Political Institutions and the Incidence of FDI in South Asia
Business & Economic Review: Vol. 9, No. 1, pp. 21-42, 2017
22 Pages Posted: 3 Apr 2017
Date Written: March 30, 2017
This paper attempts to empirically analyse the potential effect of political institutions on the inward foreign direct investments (FDIs) in five developing nations from South Asia, namely, Pakistan, Nepal, India, Bangladesh and Sri Lanka. Making FDI implies committing resources for a long time in the host economy. Therefore, availability of stable political institutions is one of the essential foreign location requisites for the multinationals’ operations. Analysing annual aggregate data for years 1970 to 2009 through random effect panel estimation technique it is found that institutional indicators which count the most for foreign direct investors in SAARC nations are democratic accountability, absence of military and religious influences in politics, corruption-free and honest public office holders, and efficient bureaucracy. Results clearly indicate that changes in institutional variables do not make a significant positive impact on inward FDIs when aggregate measures of political institutional efficiency are employed. However, when these collective measures are disaggregated to a more clearly focused set of factors, their increased effectiveness significantly leads to additional FDI inflows. These results suggest that the findings are robust to alternative proxies of institutional strength, but sensitive to using catch-all composite measures of institutions.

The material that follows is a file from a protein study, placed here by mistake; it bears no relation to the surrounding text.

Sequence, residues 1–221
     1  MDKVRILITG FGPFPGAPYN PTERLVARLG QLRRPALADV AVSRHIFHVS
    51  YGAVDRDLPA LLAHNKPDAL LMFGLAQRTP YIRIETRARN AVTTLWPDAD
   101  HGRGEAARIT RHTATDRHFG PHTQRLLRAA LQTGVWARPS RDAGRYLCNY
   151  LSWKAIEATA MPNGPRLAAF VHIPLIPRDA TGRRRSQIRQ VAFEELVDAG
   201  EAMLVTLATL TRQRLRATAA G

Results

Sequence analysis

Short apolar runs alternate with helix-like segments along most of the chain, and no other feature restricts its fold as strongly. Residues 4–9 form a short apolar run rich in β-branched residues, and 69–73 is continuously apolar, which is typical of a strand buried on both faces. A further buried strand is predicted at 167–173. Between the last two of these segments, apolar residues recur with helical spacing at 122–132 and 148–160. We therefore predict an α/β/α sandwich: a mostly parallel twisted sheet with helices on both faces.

Keywords: SAARC Economies, FDI, Panel Data, Political Institutions
JEL Classification: F230, F550, F590
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